Islamology — Journal for the Studies of Islam and Muslim Societies


The Islamology journal is a new academic periodical spearheaded by a team of scholars at the Mardjani Foundation. Islamology follows the thought and mission of our previous journal Pax Islamica – The World of Islam, which had been published in 2007 – 2013. However, the format of the new journal is slightly different; it will be more dynamic and open to current social and political issues, discussions and approaches while maintaining its commitment to fundamental research established by the previous team.

The study of Islam and Muslims is becoming ever more relevant as academic knowledge on this subject is increasingly more valuable. Political events in the Middle East, discovery of new primary sources and materials, increasing migration from Muslim countries and many other relevant issues stimulate the Islamic studies and render them vital. That is why our journal is dedicated to these subjects.

We use the notion of academic “Studies of Islam”/“Islamic Studies” in a broad sense, implying by it any issue concerning Islam and Muslim societies. However, it will be unlikely to find in the journal those articles, which do not touch on specifically Islamic topics. An example is an article which discusses a certain type of sports in a particular Muslim country. However, we would welcome studies which investigate the influences of “Islamic ethics” on the “sporting spirit. We are interested in the effects of Islam on people and vice versa.

We believe that the last 200-250 years of world history should be subject to our special attention. Modernization, colonization, urbanization, secularization of Muslim societies as well as the efforts for nation-state building have led to a dramatic devaluation of Islam’s significance as a socio-political factor. In response to global challenges, some Muslims have tried to create the “halal” ideologies, which have similarly failed. The collapse of the political Islam, as studied, in particular, by Olivier Roy and Gilles Kepel, confirms this fact. Yet, Islam has not vanished, and it continues to affect the lives of many people. Speaking in the Muslim terms, we are now probably observing two main trends: the dilution and redefinition of the notions of “Dar al Islam” (by the way, the journal title of Pax Islamica originates from this very notion) and yet another transformation of the “din”, a conversion of this phenomenon into “religion”.

How is this process occuring? How have Islam and the Muslims changed? What are the borders between the secular and divine in Islam? What are the classical texts which underpin the Islamic tradition and how do Muslims interpret them in a new way? How did the prominent orientalists of the past interpret Islam? What is the historical background and important events which influenced the course of history in the Muslim East? How do policy-makers use Islam to legitimize their power? What is the sociology of Islam, and does it exist in the first place? To what extent do Muslims influence global migration flows, and does Islam influence the migrants themselves?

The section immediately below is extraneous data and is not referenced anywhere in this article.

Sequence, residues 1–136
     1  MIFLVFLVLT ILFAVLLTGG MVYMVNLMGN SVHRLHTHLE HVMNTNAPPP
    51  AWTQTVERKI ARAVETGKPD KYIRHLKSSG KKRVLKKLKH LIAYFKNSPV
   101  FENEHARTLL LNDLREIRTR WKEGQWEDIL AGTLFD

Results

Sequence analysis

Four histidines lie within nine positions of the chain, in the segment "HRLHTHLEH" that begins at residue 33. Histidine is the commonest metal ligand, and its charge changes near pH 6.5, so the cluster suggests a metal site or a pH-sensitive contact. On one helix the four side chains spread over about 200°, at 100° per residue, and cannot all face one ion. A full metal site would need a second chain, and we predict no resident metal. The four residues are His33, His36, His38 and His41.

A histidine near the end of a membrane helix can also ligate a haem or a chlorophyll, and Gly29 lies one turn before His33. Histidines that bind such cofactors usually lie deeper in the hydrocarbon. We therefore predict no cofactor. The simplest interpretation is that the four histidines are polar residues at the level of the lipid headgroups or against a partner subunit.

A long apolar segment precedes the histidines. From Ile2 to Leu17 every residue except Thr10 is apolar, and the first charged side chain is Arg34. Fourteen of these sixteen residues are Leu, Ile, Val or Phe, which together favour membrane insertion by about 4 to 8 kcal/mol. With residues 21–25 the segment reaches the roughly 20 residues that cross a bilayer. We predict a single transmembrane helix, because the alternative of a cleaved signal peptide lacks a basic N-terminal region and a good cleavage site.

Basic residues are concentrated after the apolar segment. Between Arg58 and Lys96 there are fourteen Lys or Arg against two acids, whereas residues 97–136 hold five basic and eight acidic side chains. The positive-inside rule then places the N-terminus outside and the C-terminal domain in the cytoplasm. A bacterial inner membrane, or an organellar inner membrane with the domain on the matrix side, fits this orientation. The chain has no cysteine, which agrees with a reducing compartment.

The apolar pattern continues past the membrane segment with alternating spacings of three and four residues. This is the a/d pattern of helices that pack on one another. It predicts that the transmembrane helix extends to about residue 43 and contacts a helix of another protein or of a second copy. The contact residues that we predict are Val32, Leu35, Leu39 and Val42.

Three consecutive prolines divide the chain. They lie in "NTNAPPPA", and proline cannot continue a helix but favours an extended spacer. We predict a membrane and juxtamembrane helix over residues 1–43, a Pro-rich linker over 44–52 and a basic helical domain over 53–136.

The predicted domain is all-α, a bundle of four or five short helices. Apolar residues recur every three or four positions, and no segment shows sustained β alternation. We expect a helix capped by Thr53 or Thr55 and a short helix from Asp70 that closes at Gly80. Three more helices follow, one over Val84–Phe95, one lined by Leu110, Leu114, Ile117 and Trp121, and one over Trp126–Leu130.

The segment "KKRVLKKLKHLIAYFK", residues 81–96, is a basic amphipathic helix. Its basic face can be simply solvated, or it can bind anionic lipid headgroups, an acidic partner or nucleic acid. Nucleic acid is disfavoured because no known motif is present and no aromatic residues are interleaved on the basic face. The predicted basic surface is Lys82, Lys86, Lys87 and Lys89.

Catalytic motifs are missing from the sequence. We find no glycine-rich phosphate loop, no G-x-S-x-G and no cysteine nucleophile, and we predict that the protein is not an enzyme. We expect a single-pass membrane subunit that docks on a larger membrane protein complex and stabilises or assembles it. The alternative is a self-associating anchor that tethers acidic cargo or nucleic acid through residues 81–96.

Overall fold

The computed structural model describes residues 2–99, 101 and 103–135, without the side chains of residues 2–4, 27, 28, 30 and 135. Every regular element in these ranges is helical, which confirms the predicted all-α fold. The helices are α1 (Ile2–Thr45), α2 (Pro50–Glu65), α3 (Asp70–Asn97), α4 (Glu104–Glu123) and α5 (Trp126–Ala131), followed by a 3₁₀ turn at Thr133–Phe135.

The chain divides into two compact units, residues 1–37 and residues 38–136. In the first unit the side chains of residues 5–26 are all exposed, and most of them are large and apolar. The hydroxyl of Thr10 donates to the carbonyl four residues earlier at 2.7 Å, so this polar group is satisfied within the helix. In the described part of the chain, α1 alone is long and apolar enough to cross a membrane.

Can we describe Muslims as the the West’s “Other”? Has democracy become the “Dar al Islam”? In what way will the “Muslim question” shape the global future? To what extent is Islam inseparable from politics? What new trends and movements are emerging in the Muslim milieus and why? How do ordinary Muslims live, and is there any difference between the Muslim anthropology and the general one?

In our journal we aim to publish the studies of those experts who can answer these and similar questions or at least formulate them in such a way as to clarify the direction to follow.

We invite all specialists in the aforementioned fields to submit their academic papers. We expect for the issues of Islamology to be thematic, however the dominant theme will consume only a part of an issue and good papers will be published without regard to the general topic of the issue.

The first issue in 2017 will be dedicated to anthropology, sociology and political science of the Muslim societies. Which methods of western scholarship are relevant for studying the Muslim countries and societies? What is the difference between the sociology of Islam and general sociology? In what kind of terms can we express political trends of the Islamic world? Why are the debates on “fundamentalism”, “Salafism”, “Islamic reformism”, “jadidism”, “Islamism” still so vibrant? What is the role of traditions, both old and reinvented? Which new approaches can we use to study particular societies and individuals? What are these approaches today?

The theme of the second issue will be «The Primary Sources and History”.

The deadline for submitting papers is March 30, 2017 for the first issue and August 30, 2017 for the second one.

Besides academic papers, we will also publish other items of interest to scholars in the field of Islamic Studies, including interviews, book extracts, primary sources, translations, and news.

All papers without exception will be subject to a double blind peer review.

The journal’s languages are Russian and English. We thereby accept papers in both.

The journal will be indexed in the Russian Science Citation Index. We also aim to be indexed by the western citation systems. We ask authors to provide translations of their detailed abstracts with the purpose of making their principal theses and arguments accessible to foreign specialists. All articles will be uploaded to the Internet to the journal’s web-site and published on the popular science website as well.

On behalf of the editorial board,

Ilshat Saetov, Igor Alexeev

You can see guidelines for authors and this call for papers in PDF format on

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